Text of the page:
Wellness marketing is absolutely no different than cigarette advertising in the 1950’s.

Yet, there is something larger going on here. Wellness marketing is absolutely no different than cigarette advertising in the 1950’s or the marketing of colas and cars. Fictional ad man Don Draper captured this truism when he said, “Advertising is based on one thing, happiness. And you know what happiness is? Happiness is the smell of a new car. It’s freedom from fear. It’s a billboard on the side of the road that screams with reassurance that whatever you’re doing it’s okay. You are okay.”

Everyone it seems these days wants to be okay. This has been going on a long time and marketing has helped it along. After all, the 1969 aptly-titled book, I’m OK-You’re OK, has sold over 15 million copies. In a similar vein the most visited blog on my website is called, The Tao of Motivational Posters. In it’s content I poke around the fringes of what is covered here more substantively and that is the fact that in our search for feeling okay we grasp at straws.

Those old motivational posters including “Hang in There Baby” led the way for billions of social media posts across Instagram, Facebook and Twitter. These employ inspirational quotes and images to make us feel like we are making the right choices and that we are happy. That we are truly okay.

Instagram is a puzzling photo stream of seemingly happy travelers and fine diners who look great in bathing suits. It grows puzzling and contradictory when the other half of all photos showcases potent cocktails and deep-fried food. The website, WellToDo, has referred to Instagram as “rocket fuel” for the wellness industry. It makes us covet that other person’s life. I have called social media “a thief of joy” because it is carefully curated highlight reels versus the strains and pains people encounter in real life.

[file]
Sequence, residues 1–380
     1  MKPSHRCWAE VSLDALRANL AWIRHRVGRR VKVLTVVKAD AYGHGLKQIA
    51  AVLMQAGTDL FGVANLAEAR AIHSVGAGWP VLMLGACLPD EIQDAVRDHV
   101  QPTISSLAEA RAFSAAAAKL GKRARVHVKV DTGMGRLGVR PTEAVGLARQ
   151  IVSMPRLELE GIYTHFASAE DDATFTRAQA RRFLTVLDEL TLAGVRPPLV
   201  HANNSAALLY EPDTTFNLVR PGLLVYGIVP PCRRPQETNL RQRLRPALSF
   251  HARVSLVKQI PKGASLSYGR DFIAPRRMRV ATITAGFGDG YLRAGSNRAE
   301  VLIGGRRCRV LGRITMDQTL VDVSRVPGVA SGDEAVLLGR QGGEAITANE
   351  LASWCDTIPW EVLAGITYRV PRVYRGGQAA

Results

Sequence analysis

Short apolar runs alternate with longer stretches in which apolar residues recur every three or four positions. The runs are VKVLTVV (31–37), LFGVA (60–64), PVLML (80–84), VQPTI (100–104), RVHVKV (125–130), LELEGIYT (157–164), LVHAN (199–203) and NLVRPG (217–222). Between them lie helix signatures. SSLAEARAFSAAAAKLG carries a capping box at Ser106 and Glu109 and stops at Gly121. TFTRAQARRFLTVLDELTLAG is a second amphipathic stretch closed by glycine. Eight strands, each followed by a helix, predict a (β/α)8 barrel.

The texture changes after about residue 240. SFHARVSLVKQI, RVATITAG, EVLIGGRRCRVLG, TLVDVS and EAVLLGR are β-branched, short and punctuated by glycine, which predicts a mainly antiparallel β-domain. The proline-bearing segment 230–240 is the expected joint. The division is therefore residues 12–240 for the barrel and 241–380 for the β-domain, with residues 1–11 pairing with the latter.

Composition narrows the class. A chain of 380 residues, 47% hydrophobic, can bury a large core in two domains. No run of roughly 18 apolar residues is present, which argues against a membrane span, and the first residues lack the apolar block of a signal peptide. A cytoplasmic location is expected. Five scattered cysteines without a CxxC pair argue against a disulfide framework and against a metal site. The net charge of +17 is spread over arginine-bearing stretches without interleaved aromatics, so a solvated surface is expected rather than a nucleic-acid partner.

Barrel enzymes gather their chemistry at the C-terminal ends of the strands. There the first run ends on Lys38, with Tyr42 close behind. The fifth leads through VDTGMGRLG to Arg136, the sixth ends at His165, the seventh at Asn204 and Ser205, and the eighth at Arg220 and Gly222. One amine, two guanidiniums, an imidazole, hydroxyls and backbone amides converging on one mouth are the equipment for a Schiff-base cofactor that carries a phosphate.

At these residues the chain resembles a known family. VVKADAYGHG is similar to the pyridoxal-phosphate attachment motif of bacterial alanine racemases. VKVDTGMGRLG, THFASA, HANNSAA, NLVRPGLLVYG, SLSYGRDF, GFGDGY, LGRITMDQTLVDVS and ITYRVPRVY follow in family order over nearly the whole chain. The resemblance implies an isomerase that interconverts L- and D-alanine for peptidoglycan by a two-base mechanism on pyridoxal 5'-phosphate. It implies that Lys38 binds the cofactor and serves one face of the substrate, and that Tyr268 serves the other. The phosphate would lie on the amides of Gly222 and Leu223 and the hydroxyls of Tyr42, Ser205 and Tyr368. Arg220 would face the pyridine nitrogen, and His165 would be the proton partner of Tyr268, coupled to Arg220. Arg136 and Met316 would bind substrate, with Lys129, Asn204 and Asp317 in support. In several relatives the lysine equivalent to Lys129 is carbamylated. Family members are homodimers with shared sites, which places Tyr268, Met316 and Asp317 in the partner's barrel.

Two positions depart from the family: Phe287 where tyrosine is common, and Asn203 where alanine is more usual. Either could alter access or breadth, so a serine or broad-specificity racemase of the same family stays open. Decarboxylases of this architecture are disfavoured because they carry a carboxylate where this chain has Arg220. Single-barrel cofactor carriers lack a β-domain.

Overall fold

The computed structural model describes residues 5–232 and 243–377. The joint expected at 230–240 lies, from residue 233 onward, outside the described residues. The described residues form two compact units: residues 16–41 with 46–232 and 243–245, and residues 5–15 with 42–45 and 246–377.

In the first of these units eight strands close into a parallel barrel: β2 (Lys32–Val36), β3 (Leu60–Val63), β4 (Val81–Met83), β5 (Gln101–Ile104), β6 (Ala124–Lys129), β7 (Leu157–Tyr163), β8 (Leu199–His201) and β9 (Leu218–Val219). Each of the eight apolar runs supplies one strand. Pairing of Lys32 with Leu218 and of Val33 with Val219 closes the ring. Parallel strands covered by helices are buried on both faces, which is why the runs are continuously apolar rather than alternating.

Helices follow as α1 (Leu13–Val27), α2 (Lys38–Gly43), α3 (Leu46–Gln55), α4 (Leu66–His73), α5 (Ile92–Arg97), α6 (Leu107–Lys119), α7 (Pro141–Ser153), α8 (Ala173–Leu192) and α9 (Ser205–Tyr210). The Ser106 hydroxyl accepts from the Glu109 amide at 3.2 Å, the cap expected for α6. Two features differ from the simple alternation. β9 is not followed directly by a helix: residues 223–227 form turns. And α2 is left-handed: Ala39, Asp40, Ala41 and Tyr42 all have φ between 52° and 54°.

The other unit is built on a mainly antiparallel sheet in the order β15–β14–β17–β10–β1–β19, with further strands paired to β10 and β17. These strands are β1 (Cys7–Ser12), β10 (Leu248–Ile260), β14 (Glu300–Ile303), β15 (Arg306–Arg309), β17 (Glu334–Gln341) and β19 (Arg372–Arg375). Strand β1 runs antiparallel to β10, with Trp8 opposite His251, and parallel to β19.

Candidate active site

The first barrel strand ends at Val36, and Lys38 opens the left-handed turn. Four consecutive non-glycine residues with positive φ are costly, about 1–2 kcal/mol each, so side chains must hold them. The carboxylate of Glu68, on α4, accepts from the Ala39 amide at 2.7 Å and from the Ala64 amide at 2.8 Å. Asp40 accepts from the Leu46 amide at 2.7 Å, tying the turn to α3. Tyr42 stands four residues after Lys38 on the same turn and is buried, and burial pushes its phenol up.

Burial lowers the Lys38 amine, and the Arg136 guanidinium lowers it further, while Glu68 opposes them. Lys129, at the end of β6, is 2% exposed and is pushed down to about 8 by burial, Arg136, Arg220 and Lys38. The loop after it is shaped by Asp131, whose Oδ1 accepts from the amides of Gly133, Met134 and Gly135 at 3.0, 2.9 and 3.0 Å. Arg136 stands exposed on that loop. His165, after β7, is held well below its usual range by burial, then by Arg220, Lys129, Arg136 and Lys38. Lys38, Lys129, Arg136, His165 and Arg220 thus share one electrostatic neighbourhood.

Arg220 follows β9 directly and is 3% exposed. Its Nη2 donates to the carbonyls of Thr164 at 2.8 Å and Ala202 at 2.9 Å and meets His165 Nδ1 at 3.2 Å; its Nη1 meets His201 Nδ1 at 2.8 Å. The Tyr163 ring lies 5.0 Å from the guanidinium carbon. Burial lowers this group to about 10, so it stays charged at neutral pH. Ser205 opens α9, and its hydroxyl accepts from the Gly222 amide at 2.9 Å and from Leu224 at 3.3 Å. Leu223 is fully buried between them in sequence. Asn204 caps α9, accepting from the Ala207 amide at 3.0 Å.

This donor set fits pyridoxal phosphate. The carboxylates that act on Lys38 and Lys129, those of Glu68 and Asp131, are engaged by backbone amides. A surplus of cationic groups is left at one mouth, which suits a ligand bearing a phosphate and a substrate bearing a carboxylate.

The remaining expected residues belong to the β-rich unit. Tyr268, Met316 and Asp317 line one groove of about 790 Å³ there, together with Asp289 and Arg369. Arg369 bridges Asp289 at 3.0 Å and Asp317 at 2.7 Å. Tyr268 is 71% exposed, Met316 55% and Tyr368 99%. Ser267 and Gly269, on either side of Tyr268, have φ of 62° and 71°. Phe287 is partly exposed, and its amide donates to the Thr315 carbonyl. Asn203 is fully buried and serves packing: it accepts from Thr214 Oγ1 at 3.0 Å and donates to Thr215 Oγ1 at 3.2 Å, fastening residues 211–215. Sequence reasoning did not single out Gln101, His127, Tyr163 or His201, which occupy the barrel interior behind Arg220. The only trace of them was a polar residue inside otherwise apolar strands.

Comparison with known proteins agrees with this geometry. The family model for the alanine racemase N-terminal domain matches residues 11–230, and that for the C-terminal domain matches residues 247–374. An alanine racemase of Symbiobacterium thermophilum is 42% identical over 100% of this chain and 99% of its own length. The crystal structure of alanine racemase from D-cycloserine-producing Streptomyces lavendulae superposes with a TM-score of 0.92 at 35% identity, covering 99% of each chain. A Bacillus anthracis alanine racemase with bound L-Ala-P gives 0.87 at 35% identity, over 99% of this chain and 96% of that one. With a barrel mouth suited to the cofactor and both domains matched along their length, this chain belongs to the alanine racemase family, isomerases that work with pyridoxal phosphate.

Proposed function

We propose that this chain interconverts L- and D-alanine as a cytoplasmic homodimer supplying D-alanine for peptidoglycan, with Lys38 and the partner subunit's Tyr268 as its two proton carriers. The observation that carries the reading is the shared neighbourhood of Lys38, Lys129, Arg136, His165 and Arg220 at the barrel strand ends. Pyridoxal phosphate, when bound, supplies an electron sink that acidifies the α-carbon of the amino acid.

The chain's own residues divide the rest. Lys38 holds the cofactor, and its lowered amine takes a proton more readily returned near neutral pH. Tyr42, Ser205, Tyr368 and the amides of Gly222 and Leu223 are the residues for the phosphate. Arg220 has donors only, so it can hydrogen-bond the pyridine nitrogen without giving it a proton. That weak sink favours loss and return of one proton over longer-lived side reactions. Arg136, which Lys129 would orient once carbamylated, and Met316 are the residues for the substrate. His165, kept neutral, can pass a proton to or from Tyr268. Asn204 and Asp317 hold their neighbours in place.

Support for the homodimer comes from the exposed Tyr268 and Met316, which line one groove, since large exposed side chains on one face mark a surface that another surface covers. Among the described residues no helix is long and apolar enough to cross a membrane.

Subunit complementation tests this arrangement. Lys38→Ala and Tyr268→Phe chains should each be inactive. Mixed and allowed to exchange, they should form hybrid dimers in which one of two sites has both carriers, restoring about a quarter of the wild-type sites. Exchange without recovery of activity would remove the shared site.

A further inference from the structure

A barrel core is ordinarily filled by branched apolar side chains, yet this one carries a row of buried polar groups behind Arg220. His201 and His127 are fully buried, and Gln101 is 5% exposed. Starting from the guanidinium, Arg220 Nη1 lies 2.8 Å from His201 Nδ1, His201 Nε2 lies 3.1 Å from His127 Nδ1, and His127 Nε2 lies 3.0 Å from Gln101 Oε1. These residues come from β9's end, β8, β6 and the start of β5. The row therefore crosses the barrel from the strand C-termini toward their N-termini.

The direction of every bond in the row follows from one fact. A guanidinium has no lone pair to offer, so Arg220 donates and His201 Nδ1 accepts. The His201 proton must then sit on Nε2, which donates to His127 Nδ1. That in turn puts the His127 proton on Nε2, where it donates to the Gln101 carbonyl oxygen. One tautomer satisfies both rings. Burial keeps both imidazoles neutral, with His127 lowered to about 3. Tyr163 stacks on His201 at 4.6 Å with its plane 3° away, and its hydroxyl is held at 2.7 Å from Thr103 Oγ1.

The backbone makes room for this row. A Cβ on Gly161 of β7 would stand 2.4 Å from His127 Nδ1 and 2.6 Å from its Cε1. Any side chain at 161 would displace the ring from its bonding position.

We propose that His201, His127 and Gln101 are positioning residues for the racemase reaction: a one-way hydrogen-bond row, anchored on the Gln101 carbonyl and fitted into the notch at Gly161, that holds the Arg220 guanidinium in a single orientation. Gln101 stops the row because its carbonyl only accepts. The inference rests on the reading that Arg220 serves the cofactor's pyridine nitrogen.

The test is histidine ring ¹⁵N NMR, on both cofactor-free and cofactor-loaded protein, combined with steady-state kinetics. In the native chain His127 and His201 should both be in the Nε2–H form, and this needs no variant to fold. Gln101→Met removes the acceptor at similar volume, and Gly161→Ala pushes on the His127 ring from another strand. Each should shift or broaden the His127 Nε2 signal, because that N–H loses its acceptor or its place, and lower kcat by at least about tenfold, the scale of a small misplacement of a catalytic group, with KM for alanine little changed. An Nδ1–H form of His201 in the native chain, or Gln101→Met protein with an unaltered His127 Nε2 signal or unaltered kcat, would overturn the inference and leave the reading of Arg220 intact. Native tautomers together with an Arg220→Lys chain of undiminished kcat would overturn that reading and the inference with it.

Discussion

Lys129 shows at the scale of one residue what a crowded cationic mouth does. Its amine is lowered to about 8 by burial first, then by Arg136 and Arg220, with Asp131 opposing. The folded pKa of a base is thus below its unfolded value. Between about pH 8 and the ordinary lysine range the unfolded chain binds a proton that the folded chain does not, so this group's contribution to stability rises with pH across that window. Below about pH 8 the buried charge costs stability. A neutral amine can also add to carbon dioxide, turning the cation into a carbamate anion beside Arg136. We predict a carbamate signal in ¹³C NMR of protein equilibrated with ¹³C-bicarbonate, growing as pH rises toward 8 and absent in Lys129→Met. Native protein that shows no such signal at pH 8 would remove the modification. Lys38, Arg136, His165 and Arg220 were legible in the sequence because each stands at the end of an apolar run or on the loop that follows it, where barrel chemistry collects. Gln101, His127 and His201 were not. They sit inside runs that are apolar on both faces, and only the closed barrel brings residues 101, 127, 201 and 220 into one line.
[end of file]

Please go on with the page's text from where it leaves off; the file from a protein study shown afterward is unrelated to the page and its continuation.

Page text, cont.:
And that is the main point I wish to make. Wellness marketing is selling an ideal. An unattainable ideal. Most wellness marketing and advertising suggests perfection over balance. We all know of the controversy concerning Protein World when its billboards posed the question “Are you beach body ready?”. The company was reported to the Advertising Standards Authority but this marketing failure netted 5,000 new customers in four days. People were grasping for that fat pill.

This ideal does not just apply to supplements. If you scour the industry you will find acupuncturists, massage therapists, running clubs, meditation instructors, pilates studios, painting classes, and nutritionists all shouting their own benefits that directly compete with other wellness offers. These businesses are all trying to create tribes of loyal followers. All of their marketing and promotion is of an elitist variety. The advertising implies, ‘do this and you will be superior’.

Wellness bloggers and life coaches are a wellness cottage industry and a huge cautionary tale. These fitness and spiritual ‘leaders’ espouse unsubstantiated wisdom and subjective advice while crying themselves to sleep at night in their parent’s basement. Traditional medicine and mental health treatment is not perfect but at least you know you are getting it from someone with generally accepted credentials. Bloggers and coaches seem to be in the business to make themselves feel good rather than truly helping others.